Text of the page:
- Title: Congolese cling to election hopes, some fear the worst,
- Date: 7th June 2017
- Summary: (SOUNDBITE) (French) SPOKESPERSON FOR UNION FOR DEMOCRACY AND SOCIAL PROGRESS (UDPS), AUGUSTIN KABUYA SAYING: "We have been saying since the month of March that the Secretary General of UDPS had signed a memo asking all the supporters, wherever they may be to register to vote. UDPS also supports the electoral commission. The electoral commission is not just something for the ruling majority. The electoral commission is also something that concerns us. The UDPS is a political party that fights against non-violence and that is preparing to win the elections. So we have to be part of the enrolment process and the rest will come later." STREET SCENES
- Embargoed: 21st June 2017 13:17
- Keywords: Joseph Kabila Elections Politics Voter registration
- Location: KINSHASA, DEMOCRATIC REPUBLIC OF CONGO
- City: KINSHASA, DEMOCRATIC REPUBLIC OF CONGO
- Country: Congo, Democratic Republic of
- Topics: Government/Politics
- Reuters ID: LVA0076KA3HAV
- Aspect Ratio: 16:9
- Story Text: EDITORS PLEASE NOTE: EDIT CONTAINS 4:3 MATERIAL
Voters in the Democratic Republic of Congo are flocking to various sites in Kinshasa to register for the next presidential elections that will replace long-serving President Joseph Kabila.
Despite deep scepticism that the presidential poll will take place on time, many say they wanted to make sure they'd be able to help end two decades of Kabila family rule atop Africa's top copper producer.
However, the electoral commission says elections could again be postponed due to delays registering millions of voters.
"The registration went well, and things are going well for the elections to take place on time so that we can have a new government," said one Kinshasa resident, Maurice Iyemba.
"With everything taking place so late, and we only have a little time left, I really don't think that the elections will take place in 2017. And looking what politicians have been saying, I really doubt that there will be elections at the end of the year," said another Kinshasa resident, Mathieu Fazili.
"With everything that's been going on in Congo, looking at the way things have been going here, it will really be a miracle if elections take place come December 31st 2017. It would really be a miracle," added Arolle Kalala.
As recently as December, when Kabila refused to step down at the end of his constitutional mandate, many Congolese hoped popular protests could quickly force him from power.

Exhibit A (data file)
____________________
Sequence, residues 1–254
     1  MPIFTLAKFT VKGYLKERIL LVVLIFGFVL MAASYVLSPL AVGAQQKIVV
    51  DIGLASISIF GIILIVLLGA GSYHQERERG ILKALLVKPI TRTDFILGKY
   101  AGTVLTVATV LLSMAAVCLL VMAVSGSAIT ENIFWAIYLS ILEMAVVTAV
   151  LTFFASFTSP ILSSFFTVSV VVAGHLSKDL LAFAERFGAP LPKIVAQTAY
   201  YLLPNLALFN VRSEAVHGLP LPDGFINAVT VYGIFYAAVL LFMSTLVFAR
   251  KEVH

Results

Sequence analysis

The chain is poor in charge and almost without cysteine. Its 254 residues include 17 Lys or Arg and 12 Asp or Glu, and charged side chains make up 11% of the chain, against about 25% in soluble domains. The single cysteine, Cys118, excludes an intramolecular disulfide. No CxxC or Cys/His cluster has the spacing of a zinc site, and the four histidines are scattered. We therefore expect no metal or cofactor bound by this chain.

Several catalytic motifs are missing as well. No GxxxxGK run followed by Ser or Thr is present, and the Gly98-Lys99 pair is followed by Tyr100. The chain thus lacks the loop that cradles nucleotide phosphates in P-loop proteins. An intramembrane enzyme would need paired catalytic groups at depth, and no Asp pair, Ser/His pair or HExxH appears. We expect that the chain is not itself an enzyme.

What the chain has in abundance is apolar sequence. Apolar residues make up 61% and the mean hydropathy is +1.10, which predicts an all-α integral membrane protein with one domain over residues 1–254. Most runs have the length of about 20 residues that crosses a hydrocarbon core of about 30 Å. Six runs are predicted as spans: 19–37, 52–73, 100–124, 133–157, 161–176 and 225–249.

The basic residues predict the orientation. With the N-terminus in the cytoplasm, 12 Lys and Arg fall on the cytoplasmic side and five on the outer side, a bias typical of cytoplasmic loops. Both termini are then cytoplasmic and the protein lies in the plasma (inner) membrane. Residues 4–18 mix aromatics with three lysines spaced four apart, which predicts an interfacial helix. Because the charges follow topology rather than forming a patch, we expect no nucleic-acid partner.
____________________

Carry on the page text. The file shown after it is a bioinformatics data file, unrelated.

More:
Kabila has weathered all challenges so far, maintaining a firm grip over the security forces that brutally suppressed anti-government protests last year and co-opting key opponents with posts in a new government.
But the current stalemate carries other consequences, analysts say, namely prolonged socio-economic and security crises that are already deterring investment, feeding popular anger and risking a return to the country's darkest chapters.
Kabila insists that he has no desire to stay on indefinitely, but his hold on power has drawn comparisons to former president Mobutu Sese Seko's final years in the 1990s.
His authority undermined by mounting domestic opposition and souring relations with former Cold War allies, Mobutu remained for seven more years, cycling through 11 prime ministers in a masterclass of divide-and-conquer rule.
Yet with state institutions and the economy crumbling, he was swept aside by a Rwandan and Ugandan-backed invasion that presaged a 1998-2003 conflict now known as "Africa's World War".
Kin Kiey Mulumba, a close Kabila ally and former spokesman for Mobutu, downplayed the similarities.
"Mobutu was forced to leave power because of a rebellion that was supported by neighbouring countries. President Kabila Kabila has the support of leaders in the region and the support of the international community," he said.
But analysts say the support Kabila once enjoyed in the region is being tested.
Traditional allies like neighbouring Angola continue to publicly back him but have expressed growing alarm about insecurity, particularly fighting in central Congo's Kasai region that has sent over 20,000 refugees fleeing into northern Angola in recent months.
Congo's main opposition party, the Union for Democracy and Social Progress (UDPS), whose flag bearer Etienne Tshisekedi died in February leaving behind a fractured opposition, says the registration process is one step in the right direction.
"We have been saying since the month of March that the Secretary General of UDPS had signed a memo asking all the supporters, wherever they may be to register to vote. UDPS also supports the electoral commission. The electoral commission is not just something for the ruling majority. The electoral commission is also something that concerns us. The UDPS is a political party that fights against non-violence and that is preparing to win the elections. So we have to be part of the enrolment process and the rest will come later," said UDPS spokesperson, Augustin Kabuya.
The European Union and United States both slapped sanctions on top Congolese officials last week who they say have committed human rights abuses and impeded progress toward elections.
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